Illinois

Since I live in Illinois, I can comment on our situation here.

In Illinois we have no CMs. We have many CNMs. Most practice in hospitals. At this writing, there are no free-standing birth centers for them to practice in, though a law establishing a pilot project of such centers passed in 2007.

Five nurse-midwifery practices offer homebirth services in the Chicago area. Two practices offer homebirth services downstate. Altogether, these practices are based in only 5 out of 102 Illinois counties.

Currently in Illinois, DEMs of all kinds, including CPMs, are illegal but there is a bill before the Illinois House for licensure of DEMs requiring the CPM credential as proof of competence. Licensure would also require an associate’s degree with specific science-based coursework in addition to the CPM.

There are DEMs all over the state of Illinois. Some are in the open. Some are underground. Here in the Chicago area, we have only a few CPMs.

CPMs are legal in some neighboring states (Wisconsin and Missouri). They are generally allowed/ignored in Michigan. Iowa and Indiana are working on licensure for CPMs, as is Illinois.

For more information on Illinois Licensure, go to www.illinoismidwifery.org
For more information on CPM licensure nationally, go to www.thebigpushformidwives.org

Why a Doula is Better Than Your Best Friend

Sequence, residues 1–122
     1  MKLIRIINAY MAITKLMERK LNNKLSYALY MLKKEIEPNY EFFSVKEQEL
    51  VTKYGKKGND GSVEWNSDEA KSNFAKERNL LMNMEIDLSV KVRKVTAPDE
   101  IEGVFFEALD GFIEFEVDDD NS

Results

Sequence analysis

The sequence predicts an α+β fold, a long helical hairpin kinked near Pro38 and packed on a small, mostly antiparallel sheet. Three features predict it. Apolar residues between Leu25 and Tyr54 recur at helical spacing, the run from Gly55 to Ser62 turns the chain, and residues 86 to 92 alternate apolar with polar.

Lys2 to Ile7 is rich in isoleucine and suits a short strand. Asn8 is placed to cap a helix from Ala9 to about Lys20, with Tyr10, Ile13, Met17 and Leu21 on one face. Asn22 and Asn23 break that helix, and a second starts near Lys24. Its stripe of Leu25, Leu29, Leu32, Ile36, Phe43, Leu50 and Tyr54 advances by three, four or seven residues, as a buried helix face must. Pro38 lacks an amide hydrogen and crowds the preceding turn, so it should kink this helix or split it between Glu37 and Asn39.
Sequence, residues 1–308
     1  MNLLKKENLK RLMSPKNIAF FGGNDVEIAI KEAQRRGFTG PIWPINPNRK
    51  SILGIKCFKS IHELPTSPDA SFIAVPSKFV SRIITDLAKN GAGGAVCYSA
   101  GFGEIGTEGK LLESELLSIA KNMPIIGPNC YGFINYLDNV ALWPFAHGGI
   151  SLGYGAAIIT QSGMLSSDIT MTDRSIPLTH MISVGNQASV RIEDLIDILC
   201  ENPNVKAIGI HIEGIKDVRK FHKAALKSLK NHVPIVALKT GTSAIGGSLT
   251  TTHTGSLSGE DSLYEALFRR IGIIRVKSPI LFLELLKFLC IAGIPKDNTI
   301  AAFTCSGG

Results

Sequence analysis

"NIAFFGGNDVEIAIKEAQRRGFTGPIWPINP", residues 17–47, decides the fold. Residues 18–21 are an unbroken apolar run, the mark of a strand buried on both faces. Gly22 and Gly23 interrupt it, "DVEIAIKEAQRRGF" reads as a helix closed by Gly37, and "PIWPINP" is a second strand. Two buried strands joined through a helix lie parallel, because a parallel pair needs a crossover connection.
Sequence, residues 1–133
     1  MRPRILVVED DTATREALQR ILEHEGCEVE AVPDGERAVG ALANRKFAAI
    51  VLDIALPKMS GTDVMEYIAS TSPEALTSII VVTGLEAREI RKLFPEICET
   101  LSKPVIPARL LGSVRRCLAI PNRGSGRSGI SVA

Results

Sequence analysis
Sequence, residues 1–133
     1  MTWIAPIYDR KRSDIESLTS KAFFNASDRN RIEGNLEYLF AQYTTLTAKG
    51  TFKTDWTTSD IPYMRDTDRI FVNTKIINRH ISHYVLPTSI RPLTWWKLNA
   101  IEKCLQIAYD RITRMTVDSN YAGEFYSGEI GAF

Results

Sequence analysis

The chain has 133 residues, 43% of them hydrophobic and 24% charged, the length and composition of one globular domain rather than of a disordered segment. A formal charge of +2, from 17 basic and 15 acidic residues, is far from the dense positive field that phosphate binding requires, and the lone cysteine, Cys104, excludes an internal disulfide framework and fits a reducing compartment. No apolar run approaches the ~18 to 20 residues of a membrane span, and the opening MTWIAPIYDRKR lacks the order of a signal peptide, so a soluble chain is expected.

When we are pregnant, most women “know” on some more or less abstract level that this will eventually end with a birth. Chances are good that around 30 weeks or so, the thought that you will actually have to go through this birth yourself and that you will have to open and push this baby out of your body becomes clear in a much less abstract way. This is when many expectant parents begin to more seriously prepare and gather their resources and support people around them, including making a plan for how they would like birth to go, who will be there and what their roles will be.

In my first pregnancy, this part of my preparation included taking a Birthing From Within class, chatting with my midwives about when they would be there and asking my best friend if she would come as well. I never considered hiring a doula because, in addition to my partner and my best friend, I had not one or two, but three midwives. I figured I’d be set for support. I learned through first hand experience why, even with five loving, supportive people in the room, that a doula to offer continuous labor support might have been a good idea.

A doula is someone who is knowledgeable about normal birth and familiar with possible medical interventions in a way that most family and friends are not. She gets to know you and your desires before birth so that she can better help you when you are in the thick of it. In labor she can be a buffer or bridge depending on the need. She can translate from “obstetric” language to everyday language in the event that parents misinterpret doctors, nurses or midwives.

On the day of your baby’s birth your doula is someone who will remain with you continuously and whose role is unique. She is someone who will not be having a baby that day (or grandchild, niece or nephew). She won’t be watching a loved one in pain and isn’t likely to be overwhelmed by the resulting combination of high running emotions and exhaustion common for laboring parents. She is someone who will be on-call for you, get to know you, who will accompany you through the whole process and who will not be attending dozens of other births that week or that month.

Even if your midwife or doctor can be on call for you, your doula will be there to attend to your emotional and spiritual well being in a way that your midwife or doctor simply will not.